[Numpy-discussion] Matrix vs array in ma.minimum
cournape at gmail.com
Thu Jan 14 23:06:36 EST 2010
On Fri, Jan 15, 2010 at 11:59 AM, Pierre GM <pgmdevlist at gmail.com> wrote:
> On Jan 14, 2010, at 8:52 PM, David Cournapeau wrote:
>> Pierre GM wrote:
>>> Er, no.
>>> np.ma.minimum(a, b) returns the lowest value of a and b element-wsie, or the the lowest element of a is b is None. The behavior is inherited from the very first implementation of maskedarray in numeric. This itself is unexpected, since np.minimum requires at least 2 input arguments.
>>> As you observed, the current function breaks down w/ np.matrix objects when only one argument is given (and when the axis is None): we call umath.minimum.reduce on the ravelled matirx, which returns the ravelled matrix. One would expect a scalar, so yes, this behavior is also unexpected.
>>> Now, which way should we go ? Keep np.ma.minimum as it is (fixing the bug so that a scalar is returned if the function is called with only 1 argument and an axis None) ? Adapt it to match np.minimum ?
>> I am not a user of Masked Array, so I don't know what is the most
>> desirable behavior.
> I'm not a regular user of np.minimum.
Damn, I thought I coul
>> The problem appears when using pylab.imshow on
>> matrices, because matplotlib (and not matlab :) ) uses masked arrays
>> when normalizing the values.
> David, you mind pointing me to the relevan part of the code and/or give me an example ?
Here is a self-contained example reproducing the matplotlib pb:
import numpy as np
from numpy import ma
import matplotlib.cbook as cbook
Normalize a given value to the 0-1 range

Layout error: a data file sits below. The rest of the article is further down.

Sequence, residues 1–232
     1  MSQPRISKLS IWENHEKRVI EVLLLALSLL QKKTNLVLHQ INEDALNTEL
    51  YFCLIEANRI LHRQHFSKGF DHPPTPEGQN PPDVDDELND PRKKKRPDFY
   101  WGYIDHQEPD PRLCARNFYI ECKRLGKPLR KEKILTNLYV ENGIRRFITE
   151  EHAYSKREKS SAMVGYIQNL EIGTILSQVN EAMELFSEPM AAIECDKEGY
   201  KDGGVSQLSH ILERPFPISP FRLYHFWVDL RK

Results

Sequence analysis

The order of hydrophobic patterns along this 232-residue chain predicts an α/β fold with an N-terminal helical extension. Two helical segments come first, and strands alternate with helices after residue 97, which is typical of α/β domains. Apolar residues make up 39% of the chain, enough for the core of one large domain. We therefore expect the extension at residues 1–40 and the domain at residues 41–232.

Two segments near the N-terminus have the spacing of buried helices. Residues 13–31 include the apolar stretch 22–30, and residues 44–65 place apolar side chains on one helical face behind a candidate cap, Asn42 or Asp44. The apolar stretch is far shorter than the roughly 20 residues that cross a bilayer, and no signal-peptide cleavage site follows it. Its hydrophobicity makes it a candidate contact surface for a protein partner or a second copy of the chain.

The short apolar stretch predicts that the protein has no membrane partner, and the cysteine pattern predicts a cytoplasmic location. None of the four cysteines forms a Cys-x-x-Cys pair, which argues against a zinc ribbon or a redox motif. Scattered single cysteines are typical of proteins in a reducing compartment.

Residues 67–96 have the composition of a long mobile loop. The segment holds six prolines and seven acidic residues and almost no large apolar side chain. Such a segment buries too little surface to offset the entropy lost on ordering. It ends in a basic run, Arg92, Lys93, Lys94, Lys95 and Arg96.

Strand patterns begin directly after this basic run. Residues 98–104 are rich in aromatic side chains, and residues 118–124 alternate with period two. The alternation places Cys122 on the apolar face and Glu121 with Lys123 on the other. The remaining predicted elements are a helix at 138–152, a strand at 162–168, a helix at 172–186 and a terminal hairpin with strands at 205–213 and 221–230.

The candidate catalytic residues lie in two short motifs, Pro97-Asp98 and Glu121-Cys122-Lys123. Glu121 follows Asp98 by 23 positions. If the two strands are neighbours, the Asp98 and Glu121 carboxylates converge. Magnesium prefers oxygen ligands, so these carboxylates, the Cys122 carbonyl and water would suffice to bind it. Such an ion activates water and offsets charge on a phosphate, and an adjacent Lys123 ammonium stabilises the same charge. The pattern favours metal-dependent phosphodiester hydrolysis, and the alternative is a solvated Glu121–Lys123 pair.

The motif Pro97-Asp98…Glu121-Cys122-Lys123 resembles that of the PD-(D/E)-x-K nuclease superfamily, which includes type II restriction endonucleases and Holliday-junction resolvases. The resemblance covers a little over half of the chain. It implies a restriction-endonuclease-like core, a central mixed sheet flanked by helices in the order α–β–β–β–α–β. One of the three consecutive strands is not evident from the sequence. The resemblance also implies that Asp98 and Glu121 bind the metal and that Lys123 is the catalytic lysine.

def __init__(self, vmin=None, vmax=None, clip=False):
If *vmin* or *vmax* is not given, they are taken from the input's
minimum and maximum value respectively. If *clip* is *True* and
the given value falls outside the range, the returned value
will be 0 or 1, whichever is closer. Returns 0 if::
Works with scalars or arrays, including masked arrays. If
*clip* is *True*, masked values are set to 1; otherwise they
remain masked. Clipping silently defeats the purpose of setting
the over, under, and masked colors in the colormap, so it is
likely to lead to surprises; therefore the default is
*clip* = *False*.
self.vmin = vmin
self.vmax = vmax
self.clip = clip
def __call__(self, value, clip=None):
if clip is None:
clip = self.clip
vtype = 'array'
val = ma.asarray(value).astype(np.float)
vtype = 'scalar'
val = ma.array([value]).astype(np.float)
vmin, vmax = self.vmin, self.vmax
if vmin > vmax:
raise ValueError("minvalue must be less than or equal to maxvalue")
return 0.0 * val
mask = ma.getmask(val)
val = ma.array(np.clip(val.filled(vmax), vmin, vmax),
result = (val-vmin) * (1.0/(vmax-vmin))
if vtype == 'scalar':
result = result
def inverse(self, value):
if not self.scaled():
raise ValueError("Not invertible until scaled")
vmin, vmax = self.vmin, self.vmax
val = ma.asarray(value)
return vmin + val * (vmax - vmin)
return vmin + value * (vmax - vmin)
def autoscale(self, A):
Set *vmin*, *vmax* to min, max of *A*.
self.vmin = ma.minimum(A)
self.vmax = ma.maximum(A)
def autoscale_None(self, A):
' autoscale only None-valued vmin or vmax'
if self.vmin is None: self.vmin = ma.minimum(A)
if self.vmax is None: self.vmax = ma.maximum(A)
'return true if vmin and vmax set'
return (self.vmin is not None and self.vmax is not None)
if __name__ == "__main__":
x = np.random.randn(10, 10)
mx = np.matrix(x)
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